Michael Ortiz Hill


Some say we come out of the dream and return to it, or that the path through the dream is the same path along which we walk the sacred through a tortured era. The truest words in this book are, "I want to break your heart." But they are only true because the book itself is a cry from the heart and invocation of beauty.

It was beauty that called me to Africa so many years ago–coming radiant and indecipherable in the form of elephants. I dreamt sitting in the grass alongside a huge river next to a small altar with bright yellow flowers and an African man in skins, dancing. Beyond him in a field, elephants, chalky white, much larger than life, dignified in bearing and majestic in beauty. I awoke puzzled. I knew nothing of Africa, had no curiosity whatsoever about African traditions. And elephants, so awesome in the dream were, in my waking life, objects of a very distant affection, which is to say, quite irrelevant. And so I did what one does–placed the dream on the shelf among other exotic artifacts passed to me through the dreamtime. Nonetheless, nine years later, I arrived at the doorway of Augustine Kandemwa. The evening we met, Augustine began initiating me into the way of the ancestors, the midzimu who meet at the crossroads of animal, human and spirit.

I can smile now on the white man’s delusion that persisted unseen until near the end of my first initiation in spite of all evidence to the contrary that I was in control of the story I was living. I did not know what Augustine meant when he’d say, "People cannot initiate other people. It is the spirits that do initiation" until the fated evening that the elephant spirits arrived.

We were driving through the night just south of the Zambezi–Mosiyatunya, "Where the Stones Thunder" –Big Falls. Three elephants crossed the road, chalky white in the headlights. My "exotic artifact" fell from the shelf into my hands. It was suddenly clear that we were approaching the circumstances of my dream, that neither he nor I were in control, that the initiation ahead was both unpredictable and benevolent.

The following afternoon, Augustine and I walked along the Zambezi to a place a dream led him to that he regarded as holy. Together, we made an altar of grass and bright orange flowers that grew along the trail for the elephants.

I tell this story as a small praise song to the elephant–to Mandlovu–that great mind that moves within the vibrational field where the craft of kinship is realized. The logic of Mandlovu is kincraft - in this case across the boundaries of race, colonial and neo-colonial violence, and in deep alliance with the animal other. Augustine and I made an altar to elephant; by day’s end we called each other ‘mapatya’–twin brother.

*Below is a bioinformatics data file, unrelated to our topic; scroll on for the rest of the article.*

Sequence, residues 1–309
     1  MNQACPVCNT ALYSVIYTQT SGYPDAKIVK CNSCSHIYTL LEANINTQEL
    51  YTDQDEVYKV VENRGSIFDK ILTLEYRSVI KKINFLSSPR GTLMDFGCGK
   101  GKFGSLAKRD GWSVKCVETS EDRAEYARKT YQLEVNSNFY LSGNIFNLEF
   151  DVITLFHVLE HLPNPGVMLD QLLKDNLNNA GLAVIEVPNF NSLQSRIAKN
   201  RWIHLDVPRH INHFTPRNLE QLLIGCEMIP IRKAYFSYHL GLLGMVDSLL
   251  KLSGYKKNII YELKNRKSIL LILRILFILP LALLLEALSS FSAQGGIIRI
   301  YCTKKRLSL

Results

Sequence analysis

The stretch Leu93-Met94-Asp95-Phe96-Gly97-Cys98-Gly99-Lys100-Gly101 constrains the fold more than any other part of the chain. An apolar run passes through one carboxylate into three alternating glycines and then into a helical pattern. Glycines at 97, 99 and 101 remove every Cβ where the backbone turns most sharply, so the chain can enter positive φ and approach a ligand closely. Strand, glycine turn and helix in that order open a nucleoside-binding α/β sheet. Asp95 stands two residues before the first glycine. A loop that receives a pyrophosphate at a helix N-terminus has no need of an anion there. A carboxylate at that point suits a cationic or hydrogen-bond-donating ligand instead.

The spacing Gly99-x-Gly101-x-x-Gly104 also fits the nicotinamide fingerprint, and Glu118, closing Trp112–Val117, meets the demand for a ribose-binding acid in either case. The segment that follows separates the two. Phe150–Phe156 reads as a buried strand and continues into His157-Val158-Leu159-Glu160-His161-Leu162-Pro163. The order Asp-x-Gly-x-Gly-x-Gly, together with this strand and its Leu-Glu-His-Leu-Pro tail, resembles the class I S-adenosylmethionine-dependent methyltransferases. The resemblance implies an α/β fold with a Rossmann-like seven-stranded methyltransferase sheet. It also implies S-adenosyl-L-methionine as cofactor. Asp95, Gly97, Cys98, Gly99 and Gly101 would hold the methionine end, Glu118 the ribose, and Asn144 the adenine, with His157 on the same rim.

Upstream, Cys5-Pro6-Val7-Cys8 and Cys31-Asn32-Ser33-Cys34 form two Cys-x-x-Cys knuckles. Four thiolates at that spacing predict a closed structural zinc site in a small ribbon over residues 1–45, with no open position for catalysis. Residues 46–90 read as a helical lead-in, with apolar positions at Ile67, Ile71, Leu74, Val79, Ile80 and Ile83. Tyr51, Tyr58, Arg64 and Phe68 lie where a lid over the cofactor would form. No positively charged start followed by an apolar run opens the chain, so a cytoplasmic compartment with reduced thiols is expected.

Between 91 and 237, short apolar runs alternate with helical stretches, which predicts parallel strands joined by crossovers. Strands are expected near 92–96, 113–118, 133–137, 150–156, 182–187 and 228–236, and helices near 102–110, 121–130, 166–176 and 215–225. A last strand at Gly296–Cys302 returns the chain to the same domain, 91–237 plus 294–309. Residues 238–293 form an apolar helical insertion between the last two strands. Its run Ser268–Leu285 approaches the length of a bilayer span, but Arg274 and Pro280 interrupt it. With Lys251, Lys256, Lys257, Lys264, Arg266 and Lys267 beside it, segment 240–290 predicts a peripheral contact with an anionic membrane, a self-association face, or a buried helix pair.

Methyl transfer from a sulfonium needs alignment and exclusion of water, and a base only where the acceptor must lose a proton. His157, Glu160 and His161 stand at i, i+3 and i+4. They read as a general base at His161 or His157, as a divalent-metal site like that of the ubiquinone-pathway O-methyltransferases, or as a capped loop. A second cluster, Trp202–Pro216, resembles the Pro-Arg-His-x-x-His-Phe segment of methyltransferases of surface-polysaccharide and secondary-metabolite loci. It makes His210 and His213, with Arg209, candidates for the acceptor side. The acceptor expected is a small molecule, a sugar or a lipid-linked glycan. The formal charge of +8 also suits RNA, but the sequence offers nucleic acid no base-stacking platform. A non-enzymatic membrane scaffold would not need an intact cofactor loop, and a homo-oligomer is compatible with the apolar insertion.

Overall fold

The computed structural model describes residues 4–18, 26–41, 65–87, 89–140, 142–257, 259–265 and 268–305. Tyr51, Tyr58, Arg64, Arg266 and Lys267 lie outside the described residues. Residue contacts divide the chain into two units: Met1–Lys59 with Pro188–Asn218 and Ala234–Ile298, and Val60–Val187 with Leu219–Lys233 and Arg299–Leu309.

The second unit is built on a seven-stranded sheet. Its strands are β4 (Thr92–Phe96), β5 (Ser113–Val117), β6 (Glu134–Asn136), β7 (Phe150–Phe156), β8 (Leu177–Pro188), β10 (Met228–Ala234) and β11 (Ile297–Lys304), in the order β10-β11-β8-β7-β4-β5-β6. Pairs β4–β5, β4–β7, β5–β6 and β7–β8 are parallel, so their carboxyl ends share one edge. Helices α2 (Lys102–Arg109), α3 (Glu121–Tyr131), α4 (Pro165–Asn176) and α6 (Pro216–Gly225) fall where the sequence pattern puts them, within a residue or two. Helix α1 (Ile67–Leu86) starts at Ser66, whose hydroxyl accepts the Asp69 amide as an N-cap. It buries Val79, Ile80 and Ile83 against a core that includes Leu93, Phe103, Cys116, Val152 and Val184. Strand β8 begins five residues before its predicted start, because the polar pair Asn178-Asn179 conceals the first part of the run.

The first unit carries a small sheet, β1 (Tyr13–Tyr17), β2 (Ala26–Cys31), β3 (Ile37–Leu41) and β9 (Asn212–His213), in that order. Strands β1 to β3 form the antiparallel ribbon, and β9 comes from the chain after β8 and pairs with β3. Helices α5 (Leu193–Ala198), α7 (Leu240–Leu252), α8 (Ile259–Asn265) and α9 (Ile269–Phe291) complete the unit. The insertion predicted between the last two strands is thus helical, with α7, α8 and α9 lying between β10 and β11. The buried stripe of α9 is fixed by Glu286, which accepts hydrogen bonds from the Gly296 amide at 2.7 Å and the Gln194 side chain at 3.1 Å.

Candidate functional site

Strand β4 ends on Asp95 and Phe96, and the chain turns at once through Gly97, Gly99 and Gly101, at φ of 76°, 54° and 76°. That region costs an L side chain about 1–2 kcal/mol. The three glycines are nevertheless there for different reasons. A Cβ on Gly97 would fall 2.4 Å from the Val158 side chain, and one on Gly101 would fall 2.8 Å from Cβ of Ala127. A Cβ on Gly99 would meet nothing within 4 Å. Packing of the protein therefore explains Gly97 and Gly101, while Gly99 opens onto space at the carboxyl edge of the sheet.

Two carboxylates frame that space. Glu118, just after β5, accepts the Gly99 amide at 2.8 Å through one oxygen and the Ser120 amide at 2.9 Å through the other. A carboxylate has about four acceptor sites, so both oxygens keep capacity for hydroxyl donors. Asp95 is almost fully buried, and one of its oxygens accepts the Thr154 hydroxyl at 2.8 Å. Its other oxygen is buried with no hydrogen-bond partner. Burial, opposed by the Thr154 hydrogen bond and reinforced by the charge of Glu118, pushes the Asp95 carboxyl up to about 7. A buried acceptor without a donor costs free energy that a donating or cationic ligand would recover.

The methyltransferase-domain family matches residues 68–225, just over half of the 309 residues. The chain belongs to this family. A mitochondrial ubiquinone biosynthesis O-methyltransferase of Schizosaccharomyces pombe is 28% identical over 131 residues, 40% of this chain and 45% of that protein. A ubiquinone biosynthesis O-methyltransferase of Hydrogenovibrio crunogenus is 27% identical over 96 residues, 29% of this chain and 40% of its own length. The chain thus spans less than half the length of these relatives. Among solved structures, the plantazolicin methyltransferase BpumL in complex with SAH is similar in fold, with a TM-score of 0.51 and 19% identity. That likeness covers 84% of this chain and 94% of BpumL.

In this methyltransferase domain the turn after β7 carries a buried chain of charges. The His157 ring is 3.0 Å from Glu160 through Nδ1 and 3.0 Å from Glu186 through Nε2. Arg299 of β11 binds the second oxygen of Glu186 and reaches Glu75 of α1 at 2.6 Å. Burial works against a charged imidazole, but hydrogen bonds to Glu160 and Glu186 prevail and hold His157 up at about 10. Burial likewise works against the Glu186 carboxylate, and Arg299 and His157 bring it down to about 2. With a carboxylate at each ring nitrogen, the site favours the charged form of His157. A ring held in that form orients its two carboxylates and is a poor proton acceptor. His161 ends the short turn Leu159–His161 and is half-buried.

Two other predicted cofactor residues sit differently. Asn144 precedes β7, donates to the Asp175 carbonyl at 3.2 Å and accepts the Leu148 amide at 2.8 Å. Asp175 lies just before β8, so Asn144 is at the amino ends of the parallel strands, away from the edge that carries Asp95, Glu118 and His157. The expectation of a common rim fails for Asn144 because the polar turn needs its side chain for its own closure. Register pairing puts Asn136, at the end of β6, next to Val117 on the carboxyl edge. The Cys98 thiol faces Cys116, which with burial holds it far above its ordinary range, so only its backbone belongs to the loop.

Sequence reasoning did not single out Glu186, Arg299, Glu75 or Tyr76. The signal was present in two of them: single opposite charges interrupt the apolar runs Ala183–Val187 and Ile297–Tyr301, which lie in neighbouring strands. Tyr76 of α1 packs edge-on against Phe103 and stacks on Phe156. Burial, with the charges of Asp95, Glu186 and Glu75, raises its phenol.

Not a small part of the ritual elegance of this book is that stories are arranged as if each carries a quality of intelligence made fully lucid as they are heard within the vibration field created by the other stories–no doubt inclusive of the stories the reader carries as well. I spy in this arrangement the lazy circles of elephants independent and related to each other as they browse the veldt. The invitation is to climb into the text and offer your own story within which the possibility of kinship is invoked. Yes, that the heart be broken. Yes, that the cry from Mandlovu’s heart be heard. And yes, that we might gather here in the eye of the storm with our original kin to hold council while "civilization," rogue, maddened, lives by war and the destruction of the natural world.

Here is both a cornucopia of stories as well as an esoteric text on the nature of story: the story within the story folded into fate, fate into the illumination of possibility. Follow the circles of these stories, for the oldest story is here limning the edges of the telling. The oldest story is improvised fresh from indigenous mind and the circular telling is a way of ritual invocation. The place we sit now is the cave at Siloswane. The animals, shamans, the women gathering herbs, the ecstasy of the dance painted on the walls by the Bushman and through them hundred of thousands of years of those who tended the fire and told stories. This is the way culture is created. There has never been another way. This is the way culture can be recreated. A narrative thread in the book is cast from Siloswane to Sinai. Not quite the path of progress from the "primitive" to the "civilized," but four friends carrying prayers for peace from a sacred cave in south central Africa to a holy mountain in the Muslim world.